Skip to content
Need some Easter Sermon inspiration? Check out our Easter Sermon Collection Learn more
Go back


Five Ways to Know You Are Structured for Growth

Pastor Rick shared these practical reasons during his weekly webcast for pastors involved in 40 Days in the Word. You can hear the whole message at

In order to keep growing, you have to have a biblical statement, a biblical strategy, and a biblical structure.

Every building has a structure. Without the right structure, the building will fall over. With the right structure, the building will stand a long time. Unfortunately, most churches are structured around events or programs instead of processes. Programs and events eventually die out; processes go on and on and on.

At Saddleback, we bring people into membership, build them up to maturity, train them for their ministry, and send them out on their mission. That’s a process we’ve been doing for 32 years. Every year, we don’t have to wonder, “What are we going to do next year?” Programs and events change, but the systemic, sequential development of discipleship just keeps on going.

A lot of churches will have a process for one or two years, and then they’ll stop. To be a purpose driven church, you have to keep doing the same thing Jesus taught us to do over and over again, and you have to have a structure for it.

All living organisms have a structure. Did you know that no animal grows above seven inches without a skeleton? Without the proper skeleton, your church will not grow beyond its current rate. As the growth changes, the structure has to change to let the growth happen. Until you get a bigger pot for a root-bound plant, it’s not going to grow anymore.

In order to keep growing, you have to have a biblical statement, a biblical strategy, and a biblical structure. Luke 5:37 says that you can’t put “new wine into old wineskins.” If you have new wine or new growth, you have to have a new structure. If you’re going to have growth during 40 Days in the Word, you’re going to have to be structured for it, or you’re going to lose it all.

Structure is also what usually keeps churches from growing past 200 people. The kind of structure we had at Saddleback when we had 15 people was not the structure we used when we had 50 people. The kind of structure we had when we had 50 people didn’t work when we had 95. And, even, what worked at 20,000 didn’t work at 22,000. We are constantly changing structure. Peter Drucker once told me that an organization needs to change its structure every time it grows 45 to 47 percent. During the first 10 years of Saddleback, we actually grew 47 or 48 percent every year, which meant that every year we were revising how we made decisions, how we structured our team, and how we did small groups.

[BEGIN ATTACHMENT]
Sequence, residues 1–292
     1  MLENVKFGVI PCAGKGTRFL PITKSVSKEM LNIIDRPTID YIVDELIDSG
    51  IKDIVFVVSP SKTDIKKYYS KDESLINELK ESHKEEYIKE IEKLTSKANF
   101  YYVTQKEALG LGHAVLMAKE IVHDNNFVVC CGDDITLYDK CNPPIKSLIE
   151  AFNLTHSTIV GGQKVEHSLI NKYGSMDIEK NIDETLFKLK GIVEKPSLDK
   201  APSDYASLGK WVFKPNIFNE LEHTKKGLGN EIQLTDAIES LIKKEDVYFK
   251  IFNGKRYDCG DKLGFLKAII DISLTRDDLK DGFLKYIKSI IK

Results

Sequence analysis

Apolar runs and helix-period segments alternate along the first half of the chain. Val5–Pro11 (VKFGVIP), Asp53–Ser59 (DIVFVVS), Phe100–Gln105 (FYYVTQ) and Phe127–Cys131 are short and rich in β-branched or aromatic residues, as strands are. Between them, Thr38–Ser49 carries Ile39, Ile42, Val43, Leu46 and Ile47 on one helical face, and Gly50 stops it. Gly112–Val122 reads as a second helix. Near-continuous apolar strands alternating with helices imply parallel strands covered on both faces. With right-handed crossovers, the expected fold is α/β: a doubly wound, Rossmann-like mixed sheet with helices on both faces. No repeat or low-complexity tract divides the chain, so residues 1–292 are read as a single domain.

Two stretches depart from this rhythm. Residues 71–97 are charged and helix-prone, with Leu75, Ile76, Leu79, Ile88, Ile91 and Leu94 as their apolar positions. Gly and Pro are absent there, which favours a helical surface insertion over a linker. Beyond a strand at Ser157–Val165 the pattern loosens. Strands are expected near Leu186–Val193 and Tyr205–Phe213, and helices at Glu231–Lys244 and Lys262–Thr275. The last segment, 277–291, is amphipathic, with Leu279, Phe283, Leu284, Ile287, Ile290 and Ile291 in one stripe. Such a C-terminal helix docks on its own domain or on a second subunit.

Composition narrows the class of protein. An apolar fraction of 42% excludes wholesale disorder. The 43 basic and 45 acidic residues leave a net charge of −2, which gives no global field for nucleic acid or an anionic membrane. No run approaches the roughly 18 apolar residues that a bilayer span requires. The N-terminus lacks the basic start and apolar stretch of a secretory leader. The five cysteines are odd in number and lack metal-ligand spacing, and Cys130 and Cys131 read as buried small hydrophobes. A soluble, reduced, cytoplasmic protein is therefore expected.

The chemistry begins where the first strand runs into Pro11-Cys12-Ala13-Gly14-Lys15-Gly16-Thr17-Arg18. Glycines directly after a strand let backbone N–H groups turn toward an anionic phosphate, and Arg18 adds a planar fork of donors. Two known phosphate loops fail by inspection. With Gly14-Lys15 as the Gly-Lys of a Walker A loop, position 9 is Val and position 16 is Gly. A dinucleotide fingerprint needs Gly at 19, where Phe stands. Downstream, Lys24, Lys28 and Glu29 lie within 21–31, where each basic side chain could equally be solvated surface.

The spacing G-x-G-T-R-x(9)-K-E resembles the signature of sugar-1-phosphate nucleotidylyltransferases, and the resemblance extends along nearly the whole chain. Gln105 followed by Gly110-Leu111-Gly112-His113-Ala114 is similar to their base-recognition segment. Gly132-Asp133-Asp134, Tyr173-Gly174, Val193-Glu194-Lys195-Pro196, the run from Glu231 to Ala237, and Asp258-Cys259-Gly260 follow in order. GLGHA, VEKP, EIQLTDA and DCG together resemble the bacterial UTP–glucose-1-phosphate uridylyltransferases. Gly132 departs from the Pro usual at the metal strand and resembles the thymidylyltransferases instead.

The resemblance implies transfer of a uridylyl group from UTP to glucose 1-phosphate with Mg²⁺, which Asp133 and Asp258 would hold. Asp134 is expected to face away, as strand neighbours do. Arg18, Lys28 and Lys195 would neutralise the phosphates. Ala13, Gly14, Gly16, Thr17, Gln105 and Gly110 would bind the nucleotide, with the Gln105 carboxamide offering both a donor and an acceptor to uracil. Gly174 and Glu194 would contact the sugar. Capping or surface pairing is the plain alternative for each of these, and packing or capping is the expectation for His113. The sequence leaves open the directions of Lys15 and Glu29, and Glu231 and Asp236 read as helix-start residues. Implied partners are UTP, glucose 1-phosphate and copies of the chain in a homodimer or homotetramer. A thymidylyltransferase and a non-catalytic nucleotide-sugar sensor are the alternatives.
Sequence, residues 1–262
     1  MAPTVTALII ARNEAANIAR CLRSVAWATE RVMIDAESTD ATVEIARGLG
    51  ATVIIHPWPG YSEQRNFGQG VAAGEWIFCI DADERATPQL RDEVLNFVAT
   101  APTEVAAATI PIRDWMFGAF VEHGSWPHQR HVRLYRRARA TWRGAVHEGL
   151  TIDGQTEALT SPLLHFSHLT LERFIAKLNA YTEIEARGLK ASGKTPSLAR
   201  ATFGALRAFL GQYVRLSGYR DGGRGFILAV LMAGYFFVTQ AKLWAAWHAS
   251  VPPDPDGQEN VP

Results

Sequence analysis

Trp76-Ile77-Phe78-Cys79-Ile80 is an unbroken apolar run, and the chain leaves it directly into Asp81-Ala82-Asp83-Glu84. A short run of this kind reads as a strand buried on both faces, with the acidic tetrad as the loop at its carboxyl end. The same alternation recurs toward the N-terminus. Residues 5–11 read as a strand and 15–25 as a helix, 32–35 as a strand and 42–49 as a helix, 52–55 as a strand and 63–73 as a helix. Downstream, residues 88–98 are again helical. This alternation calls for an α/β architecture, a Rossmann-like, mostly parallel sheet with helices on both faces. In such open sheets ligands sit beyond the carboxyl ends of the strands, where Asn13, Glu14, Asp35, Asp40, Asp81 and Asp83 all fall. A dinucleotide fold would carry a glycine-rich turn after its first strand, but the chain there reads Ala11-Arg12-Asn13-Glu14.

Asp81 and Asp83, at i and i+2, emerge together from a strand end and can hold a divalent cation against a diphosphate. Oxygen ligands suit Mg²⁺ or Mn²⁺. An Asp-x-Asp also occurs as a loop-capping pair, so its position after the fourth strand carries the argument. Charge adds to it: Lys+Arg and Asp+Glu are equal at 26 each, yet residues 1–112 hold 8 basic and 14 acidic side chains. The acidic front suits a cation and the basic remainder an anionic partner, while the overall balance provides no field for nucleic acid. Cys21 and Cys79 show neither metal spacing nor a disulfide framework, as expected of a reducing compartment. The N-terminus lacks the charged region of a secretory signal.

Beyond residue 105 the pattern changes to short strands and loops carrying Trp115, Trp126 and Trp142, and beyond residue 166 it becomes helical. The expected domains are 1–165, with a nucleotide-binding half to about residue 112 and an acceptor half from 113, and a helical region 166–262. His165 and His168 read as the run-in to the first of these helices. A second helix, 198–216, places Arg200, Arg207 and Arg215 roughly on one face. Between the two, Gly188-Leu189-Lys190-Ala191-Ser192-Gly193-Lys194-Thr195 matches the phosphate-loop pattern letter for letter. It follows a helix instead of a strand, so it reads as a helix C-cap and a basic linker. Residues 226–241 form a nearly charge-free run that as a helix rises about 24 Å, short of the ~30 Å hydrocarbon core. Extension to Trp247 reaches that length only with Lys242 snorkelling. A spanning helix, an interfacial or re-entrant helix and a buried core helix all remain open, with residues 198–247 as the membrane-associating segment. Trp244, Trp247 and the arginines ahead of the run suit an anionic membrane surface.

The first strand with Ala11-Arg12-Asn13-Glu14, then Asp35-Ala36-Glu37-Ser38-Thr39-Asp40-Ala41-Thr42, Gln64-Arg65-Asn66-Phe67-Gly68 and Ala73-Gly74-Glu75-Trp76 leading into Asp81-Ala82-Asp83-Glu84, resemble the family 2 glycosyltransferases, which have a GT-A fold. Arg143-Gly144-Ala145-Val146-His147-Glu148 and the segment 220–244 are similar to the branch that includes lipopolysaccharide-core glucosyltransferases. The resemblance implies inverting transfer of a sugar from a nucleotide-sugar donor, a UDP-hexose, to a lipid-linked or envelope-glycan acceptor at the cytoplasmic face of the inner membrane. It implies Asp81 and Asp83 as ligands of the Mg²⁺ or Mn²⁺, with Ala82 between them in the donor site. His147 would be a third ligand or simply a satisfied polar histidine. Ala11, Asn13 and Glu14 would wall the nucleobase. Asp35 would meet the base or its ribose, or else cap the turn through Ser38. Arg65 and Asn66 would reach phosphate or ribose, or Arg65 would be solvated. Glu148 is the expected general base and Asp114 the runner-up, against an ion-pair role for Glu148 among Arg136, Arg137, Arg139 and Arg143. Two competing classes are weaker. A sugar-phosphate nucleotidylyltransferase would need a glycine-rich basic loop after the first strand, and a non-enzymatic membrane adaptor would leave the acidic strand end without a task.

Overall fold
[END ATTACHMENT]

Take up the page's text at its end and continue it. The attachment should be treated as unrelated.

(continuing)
How do you know you’re structure isn’t working? There are three telltale signs:

  • Plateaued growth. Structure does not cause growth, but it does limit it. It controls the rate and the size of growth. Changing your structure will not cause you to grow; it will allow you to grow.
  • Internal conflict. It is a sign that you have outgrown your structure.
  • Discouraged leadership. When people get discouraged, it often means the structure is not allowing them to be creative.

The number one hurt I’ve discovered among pastors is the conflict that comes from inadequate structure. They get tired of fighting the bureaucracy. It drains their enthusiasm, and it kills their vision. This is very dangerous territory — you don’t just go out and change your structure. You have to be wise as serpents and gentle as doves. Minor changes are major victories.

There are five levels of church renewal and change:

  1. Personal Renewal. When God wants to work in a church, it always starts with the heart, and it always starts with the leader. 40 Days in the Word is about personal renewal. It’s when Jesus becomes real to you again and you fall in love with him all over again.
  2. Relational Renewal. First you get right with God, and then you get right with each other. There are two ways you know a church has had relational renewal: The singing gets better because people like each other better and they are genuinely worshipping. Also, people stay longer after the service because they just want to hang out and talk with each other.
  3. Missional Renewal. Many times a church will grow after the first two renewals, and then growth hits a plateau because they never reach missional renewal. This is when you discover the purpose for your life and your church family. Once you reach this point, you cannot keep a church from growing.
  4. Structural Renewal. As the church continues to grow, it will realize that it cannot put new wine in old wineskins.
  5. Cultural Renewal. When the first four renewals line up, the church starts impacting its community, and this is cultural renewal. I think we would all agree that America needs cultural renewal. You know that the sun is setting on a culture when small men cast long shadows. But cultural renewal will not happen without personal, relational, missional, and structural renewal.

Related Posts

Subscribe to Rick Warren's Ministry Toolbox

Weekly Email for Pastors and Church Leaders

    We care about your data. Read our privacy policy.

    Pastor Rick Warren smiling